The road to recovery is not paved and usually has unexpected twists and turns along the way. But not everyone thinks this way. People who want to recover usually have a clear image of what they want to achieve at the end of their stint in rehab: a perfect recovery. But the thing is that recovery is never perfect. Relapse is a common occurrence but it doesn’t mean that those who relapse are failures. Recovery is an everyday, lifetime process so it’s impossible to have a perfect recovery. This is is such an important thing to keep in mind in order to stay on track.

Recognize That Perfectionism Doesn’t Lead Anywhere
Some people grew up in very strict households and were raised to expect nothing but perfect results. From SATs to job interviews, they didn’t have any room for errors. Because nobody is perfect, some of these folks later on turn to addictions as a crutch. But then again, there are recovering people who don’t have any form of self-discipline in their lives and have no goals to look forward to. These people could be swayed to do whatever it is that’s currently on offer and later on turn to drugs or alcohol as a sort of anchor. These people then expect perfect results on their way to recovery. But then again, where does this desire for perfection lead? Disappointment.

What Are The Signs Of Perfectionism In Recovery?

  • Black and White thinking
    A black-and-white mindset usually involves an all or nothing kind of thinking. People who think relapse doesn’t happen or that they don’t need help from other people are usually at higher risk of relapse. Why? Because perfection is impossible. As humans, we can all set a high goal but we cannot attain absolute perfection.
  • Overestimation or Underestimation
    Sometimes, perfectionists can overestimate or underestimate themselves (or the situation at hand). This is also a form of black and white thinking and can lead to further disappointment along the way.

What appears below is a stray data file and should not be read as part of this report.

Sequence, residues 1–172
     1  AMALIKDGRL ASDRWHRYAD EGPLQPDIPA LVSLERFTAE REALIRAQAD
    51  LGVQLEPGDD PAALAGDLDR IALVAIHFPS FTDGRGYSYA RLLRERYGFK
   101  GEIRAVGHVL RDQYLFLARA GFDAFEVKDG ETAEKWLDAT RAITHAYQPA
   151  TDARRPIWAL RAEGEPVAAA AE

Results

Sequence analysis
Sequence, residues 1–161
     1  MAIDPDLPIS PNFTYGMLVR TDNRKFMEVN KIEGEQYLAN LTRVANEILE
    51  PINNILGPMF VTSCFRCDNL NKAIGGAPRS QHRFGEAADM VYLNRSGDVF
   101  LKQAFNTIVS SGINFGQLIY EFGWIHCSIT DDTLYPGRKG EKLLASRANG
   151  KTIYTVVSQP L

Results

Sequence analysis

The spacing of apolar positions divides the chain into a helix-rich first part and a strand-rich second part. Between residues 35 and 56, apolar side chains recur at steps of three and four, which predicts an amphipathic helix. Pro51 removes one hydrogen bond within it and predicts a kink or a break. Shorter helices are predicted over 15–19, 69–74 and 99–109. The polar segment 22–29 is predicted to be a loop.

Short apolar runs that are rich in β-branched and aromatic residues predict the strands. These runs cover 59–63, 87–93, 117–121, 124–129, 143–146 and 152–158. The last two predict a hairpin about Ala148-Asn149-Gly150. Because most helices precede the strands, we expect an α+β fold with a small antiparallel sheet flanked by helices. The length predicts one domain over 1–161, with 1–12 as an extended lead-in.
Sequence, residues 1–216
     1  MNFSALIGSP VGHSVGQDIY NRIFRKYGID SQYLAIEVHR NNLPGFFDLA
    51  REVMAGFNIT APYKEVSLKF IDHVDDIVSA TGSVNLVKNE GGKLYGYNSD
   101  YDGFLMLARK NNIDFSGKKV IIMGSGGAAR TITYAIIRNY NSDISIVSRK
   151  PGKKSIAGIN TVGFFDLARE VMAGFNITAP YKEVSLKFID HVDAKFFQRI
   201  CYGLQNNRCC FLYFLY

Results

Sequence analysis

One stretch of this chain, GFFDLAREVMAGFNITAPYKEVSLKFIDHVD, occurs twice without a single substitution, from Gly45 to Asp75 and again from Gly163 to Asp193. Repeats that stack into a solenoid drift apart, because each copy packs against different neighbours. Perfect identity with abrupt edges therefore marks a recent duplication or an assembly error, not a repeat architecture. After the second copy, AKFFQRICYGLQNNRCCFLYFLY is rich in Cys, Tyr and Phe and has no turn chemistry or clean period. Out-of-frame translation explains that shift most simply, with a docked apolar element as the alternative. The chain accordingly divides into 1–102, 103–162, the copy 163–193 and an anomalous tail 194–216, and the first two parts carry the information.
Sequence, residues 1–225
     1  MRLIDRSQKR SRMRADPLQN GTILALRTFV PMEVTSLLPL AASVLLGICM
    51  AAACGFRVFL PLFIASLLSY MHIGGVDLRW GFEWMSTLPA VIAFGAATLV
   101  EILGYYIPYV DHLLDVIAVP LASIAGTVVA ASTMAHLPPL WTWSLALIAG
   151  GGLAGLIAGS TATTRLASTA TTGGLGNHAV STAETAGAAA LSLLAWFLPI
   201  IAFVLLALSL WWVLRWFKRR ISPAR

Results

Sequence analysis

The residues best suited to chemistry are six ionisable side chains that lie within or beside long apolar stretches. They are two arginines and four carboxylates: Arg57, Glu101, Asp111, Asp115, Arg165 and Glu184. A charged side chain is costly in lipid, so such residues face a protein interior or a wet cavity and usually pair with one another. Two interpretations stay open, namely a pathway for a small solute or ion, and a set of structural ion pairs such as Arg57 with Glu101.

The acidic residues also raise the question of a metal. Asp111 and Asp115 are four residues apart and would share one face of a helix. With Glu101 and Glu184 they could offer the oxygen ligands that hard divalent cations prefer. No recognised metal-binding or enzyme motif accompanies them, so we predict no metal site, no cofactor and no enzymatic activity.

• Anticipating “Full Recovery” in a given time frame
    Recovery is a lifetime process. Although it’s tempting to think a few years down the road, the truth is that those who wish to remain sober should stick to the present. If you expect to be completely sober for 5 years or 20 years down the line, just thinking about all the hard work that you have to put into it could get overwhelming.

The Tools Needed to Overcome Perfectionism
Those who seek perfection in recovery will never be able to feel satisfied in the long run. Humans are never going to be perfect – we can set goals and make plans but at the end of the day, life happens. So instead of being perfectionists, it’s better to be a critical thinker and a resilient person. If you feel overwhelmed, write down your thoughts and try to keep things logical. If ever you feel perfectionism seeping through your thoughts, rationalize away. And every now and then, try to be in other people’s shoes. Some perfectionists have a hard time seeing things from another person’s perspective so practicing this every now and then can be extremely helpful.

Reward Yourself
Letting life happen and turning into a resilient person instead of being a perfectionist is a hard task. Letting go of old habits and characteristics is never easy. It’s akin to shedding old skin – a painful, itchy, and sometimes annoying process – but the results are always worth it. So go ahead and reward yourself.